A $15 million urban-agriculture project announced Monday is expected to transform 22 blocks of blighted land on Detroit’s lower east side into a massive swath of greenhouses and hoop houses.
The project’s 60-acre footprint — south of Interstate 94, along Chene Street to Forest Avenue — includes 35 acres of vacant land the city wants to lease to RecoveryPark, a nonprofit whose mission is to help ex-offenders and recovering addicts find employment.
Mayor Mike Duggan said the project will transform lives by putting vacant land to use and employing ex-offenders. It will employ up to 128 people within three years with 60 percent to be Detroit residents.
The project, to be operated by RecoveryPark Farms, a for-profit entity, must be approved by the Detroit City Council, which is expected to consider the issue next week.
“One of the questions that we are facing as a city is, what do we do with the vacant land that’s left behind,” Duggan said. “Today is an example of what I hope becomes the basis for the development of this land.”
The project will contain greenhouses, hoop houses and other agriculture businesses to grow specialty vegetables such as striped carrots, breakfast radishes, edible flowers and salad mixes that wind up on plates in high-end Detroit restaurants.
Duggan made the announcement at the once-thriving and now-defunct Chene-Ferry Market which will serve as a center for RecoveryPark operations and distribution.
“We are not just transforming property. We are going to transform lives,” Duggan said. “They are taking the hardest to employ folks in our community and putting them to work on land that had been long abandoned and forgotten.”
Gary Wozniak, CEO of the RecoveryPark, said the nonprofit grows specialty produce sold to chefs at several of Detroit’s high-end restaurants such as Selden Standard and Gold Cash Gold. RecoveryPark Farms managed two pilot farms, one in Waterford Township and the other in Detroit, validating demand for specialty produce in Metro Detroit, Wozniak said.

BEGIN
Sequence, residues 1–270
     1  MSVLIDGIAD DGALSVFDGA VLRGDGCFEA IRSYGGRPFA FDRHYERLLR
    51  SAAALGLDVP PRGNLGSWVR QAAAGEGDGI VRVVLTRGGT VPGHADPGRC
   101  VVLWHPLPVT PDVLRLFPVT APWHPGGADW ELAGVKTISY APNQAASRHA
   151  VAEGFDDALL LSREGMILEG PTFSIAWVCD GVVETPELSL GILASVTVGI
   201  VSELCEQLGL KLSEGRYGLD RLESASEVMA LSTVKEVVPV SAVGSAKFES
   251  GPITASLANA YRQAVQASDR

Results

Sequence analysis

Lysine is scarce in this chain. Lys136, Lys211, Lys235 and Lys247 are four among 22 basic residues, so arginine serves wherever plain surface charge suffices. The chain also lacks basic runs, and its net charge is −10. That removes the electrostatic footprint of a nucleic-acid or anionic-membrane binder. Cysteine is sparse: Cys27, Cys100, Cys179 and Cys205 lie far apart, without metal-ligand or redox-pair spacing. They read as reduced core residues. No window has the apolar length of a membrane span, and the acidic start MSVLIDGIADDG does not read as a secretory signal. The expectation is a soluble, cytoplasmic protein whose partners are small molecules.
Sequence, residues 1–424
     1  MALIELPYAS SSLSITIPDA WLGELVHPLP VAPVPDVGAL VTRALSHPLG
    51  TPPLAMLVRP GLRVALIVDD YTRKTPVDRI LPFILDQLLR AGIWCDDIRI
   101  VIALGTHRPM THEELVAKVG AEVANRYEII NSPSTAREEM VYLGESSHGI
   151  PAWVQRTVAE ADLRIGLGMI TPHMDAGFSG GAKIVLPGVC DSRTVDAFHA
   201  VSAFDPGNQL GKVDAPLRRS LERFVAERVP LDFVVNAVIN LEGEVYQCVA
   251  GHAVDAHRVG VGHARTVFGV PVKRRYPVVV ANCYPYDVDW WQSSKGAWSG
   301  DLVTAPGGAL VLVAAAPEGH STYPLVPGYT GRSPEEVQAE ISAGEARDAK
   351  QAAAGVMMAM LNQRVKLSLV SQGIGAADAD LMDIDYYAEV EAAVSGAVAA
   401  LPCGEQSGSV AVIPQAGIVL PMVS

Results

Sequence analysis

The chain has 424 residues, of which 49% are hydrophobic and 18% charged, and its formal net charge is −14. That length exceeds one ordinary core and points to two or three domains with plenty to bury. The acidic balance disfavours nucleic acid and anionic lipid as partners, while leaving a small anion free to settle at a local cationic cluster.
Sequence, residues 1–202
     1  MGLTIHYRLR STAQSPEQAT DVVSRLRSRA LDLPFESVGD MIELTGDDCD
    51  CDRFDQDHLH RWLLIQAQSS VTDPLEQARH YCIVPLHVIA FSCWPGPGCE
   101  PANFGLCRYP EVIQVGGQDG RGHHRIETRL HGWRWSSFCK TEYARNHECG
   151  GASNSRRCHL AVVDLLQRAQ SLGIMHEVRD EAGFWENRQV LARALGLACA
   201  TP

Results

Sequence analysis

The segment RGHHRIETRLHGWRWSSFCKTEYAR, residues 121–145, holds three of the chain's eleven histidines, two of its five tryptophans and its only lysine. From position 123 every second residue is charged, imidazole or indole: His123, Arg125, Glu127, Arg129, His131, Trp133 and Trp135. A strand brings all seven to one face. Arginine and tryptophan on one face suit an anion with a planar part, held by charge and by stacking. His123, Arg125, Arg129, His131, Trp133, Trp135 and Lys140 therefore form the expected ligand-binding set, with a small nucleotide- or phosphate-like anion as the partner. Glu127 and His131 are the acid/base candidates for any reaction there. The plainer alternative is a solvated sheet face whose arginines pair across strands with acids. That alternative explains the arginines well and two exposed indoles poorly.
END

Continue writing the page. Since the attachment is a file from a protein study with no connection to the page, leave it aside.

With $15 million of new capital investment coming into the neighborhood, Wozniak said he hopes to have a minimum of 20 acres of hydroponic growing and high tunnel growing.
“We are working with a regional distributor on making a contract of a minimum of $8 million in specialty produce that’s going to take us into 440 restaurants over a 10-year time. That’s exciting,” he said.
Investors in the nonprofit and the project include the Erb Family Foundation. The Kresge Foundation and the Detroit Development Fund have provided past support. Wozniak said he has about $1 million of the $15 million needed in the project and will need to raise the funds going forward.
The property would be leased by the Detroit Land Bank Authority to RecoveryPark for $105 per acre. Land Bank spokesman Craig Fahle said the project will beautify the neighborhood and be a huge part of the recovery of the east side of Detroit.
“This project is on a scale we have not seen in the city,” Fahle said. “It’s very exciting.”
Three to fives acres of high-tunnels, or hoop houses, which contain all dirt-based growing will be the first to go up this spring. Wozniak said he will start hiring for the project after the first of the year.